Halls of the Horti Tauriani - Vettiani
The vastness and splendour of the home of Statilius Taurus, an eminent personality in the Rome of the I century AD, was perhaps at the heart of his conviction for magic, apparently inspired by Agrippina so as to seize the property for the Imperial domain.
The area of the Horti was later broken up into a number of properties and under Gallienus in the middle of the III century AD went back to being a part of the Horti Liciniani; it has also been discovered that in late antiquity the home of Vettius Agorius Praetextatus (Horti Vettiani) was there.
According to sources and epigraphic documentation, the entire territory between the ancient Via Labicana, the Servian terreplein and the Aurelian walls was occupied by the horti Tauriani during the Augustan age. They extended for about 36 hectares. They took their name from Statilius Taurus, an eminent figure in Rome in the 1st century AD, sentenced on charges of practicing witchcraft, by order of Agrippina (according to Tacitus), who aimed at taking over the prestigious residence. The family burial ground was located at the edge of the property, along via Labicana.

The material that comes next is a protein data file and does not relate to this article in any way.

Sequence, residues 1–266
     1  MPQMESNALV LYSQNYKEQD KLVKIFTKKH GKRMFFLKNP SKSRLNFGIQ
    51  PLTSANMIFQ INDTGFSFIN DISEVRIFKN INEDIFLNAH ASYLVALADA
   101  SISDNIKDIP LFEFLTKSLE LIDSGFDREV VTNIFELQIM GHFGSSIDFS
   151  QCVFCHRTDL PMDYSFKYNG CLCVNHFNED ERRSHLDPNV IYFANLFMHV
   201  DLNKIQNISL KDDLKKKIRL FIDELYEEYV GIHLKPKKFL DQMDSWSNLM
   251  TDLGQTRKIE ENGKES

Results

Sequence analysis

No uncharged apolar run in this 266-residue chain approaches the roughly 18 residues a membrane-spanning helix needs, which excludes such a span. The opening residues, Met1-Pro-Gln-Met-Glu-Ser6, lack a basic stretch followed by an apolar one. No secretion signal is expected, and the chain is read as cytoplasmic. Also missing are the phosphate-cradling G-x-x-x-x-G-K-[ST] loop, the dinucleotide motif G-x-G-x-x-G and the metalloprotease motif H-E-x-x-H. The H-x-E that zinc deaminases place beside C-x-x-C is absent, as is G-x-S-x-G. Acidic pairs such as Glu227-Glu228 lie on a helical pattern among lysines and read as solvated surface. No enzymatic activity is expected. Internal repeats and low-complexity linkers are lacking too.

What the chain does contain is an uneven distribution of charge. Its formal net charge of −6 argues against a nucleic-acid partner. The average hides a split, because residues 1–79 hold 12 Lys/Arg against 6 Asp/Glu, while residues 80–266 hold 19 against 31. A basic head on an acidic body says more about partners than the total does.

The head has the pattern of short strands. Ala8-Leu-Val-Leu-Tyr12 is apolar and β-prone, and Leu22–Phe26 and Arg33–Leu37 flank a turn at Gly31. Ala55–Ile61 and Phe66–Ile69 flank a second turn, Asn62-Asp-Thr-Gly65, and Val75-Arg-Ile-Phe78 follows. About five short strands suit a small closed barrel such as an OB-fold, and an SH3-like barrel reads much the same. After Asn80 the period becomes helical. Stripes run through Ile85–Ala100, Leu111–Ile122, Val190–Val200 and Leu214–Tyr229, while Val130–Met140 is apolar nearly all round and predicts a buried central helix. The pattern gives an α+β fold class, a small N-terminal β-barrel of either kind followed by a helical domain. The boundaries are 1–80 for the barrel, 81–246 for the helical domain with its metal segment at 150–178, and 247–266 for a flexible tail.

Afterwards, the property passed to the imperial property, it was again divided and given to Epaphrodito and Pallante (respectively Claudius’ and Nero’s freedmen). Later, part of it was transformed into the Licinian horti, under Gallienus (253-268 AD).
The remains of a building that can be traced back to Vettio Agorio Pretestato (Praefectus Urbi during 367-368 AD) and his wife Fabia Aconia Paulina, thanks to the names written on the fistulae aquariae, were found near the western borders of the area.
A wall found in the area and built, as it often happened on the Esquiline, with fragments of sculptures, has returned an extraordinary amount of materials.
Numerous sculptures reffered to the various periods of the horti have been found in the area: statues of divinities, landscape and decorative reliefs, two large marble craters and three splendid imperial portraits of Hadrian, Sabina and Matidia.
A setting inside a residence surrounded by greenery seems particularly appropriate for the statue of a cow, perhaps part of a pastoral group and probably a copy of the very famous bronze statue of the same subject created by Myron for the Acropolis of Athens and brought to Rome at the time of Vespasian. The reliefs can also be well inserted into the decoration of a garden: a particularly refined one, represents a sacred landscape with a sanctuary surrounded by high walls, while the other two neo-Attic manufacts, unfortunately fragmentary, represent the quadrigas of Helios (the sun) and Selene (the moon) running to meet each other.